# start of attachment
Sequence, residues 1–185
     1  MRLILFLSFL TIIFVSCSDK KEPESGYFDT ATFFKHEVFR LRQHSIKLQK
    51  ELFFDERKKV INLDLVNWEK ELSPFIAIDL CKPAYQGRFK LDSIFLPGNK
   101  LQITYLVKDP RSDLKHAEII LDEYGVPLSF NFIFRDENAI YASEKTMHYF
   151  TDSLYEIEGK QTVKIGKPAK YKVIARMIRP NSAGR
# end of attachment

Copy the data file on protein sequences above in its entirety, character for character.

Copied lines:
Sequence, residues 1–185
     1  MRLILFLSFL TIIFVSCSDK KEPESGYFDT ATFFKHEVFR LRQHSIKLQK
    51  ELFFDERKKV INLDLVNWEK ELSPFIAIDL CKPAYQGRFK LDSIFLPGNK
   101  LQITYLVKDP RSDLKHAEII LDEYGVPLSF NFIFRDENAI YASEKTMHYF
   151  TDSLYEIEGK QTVKIGKPAK YKVIARMIRP NSAGR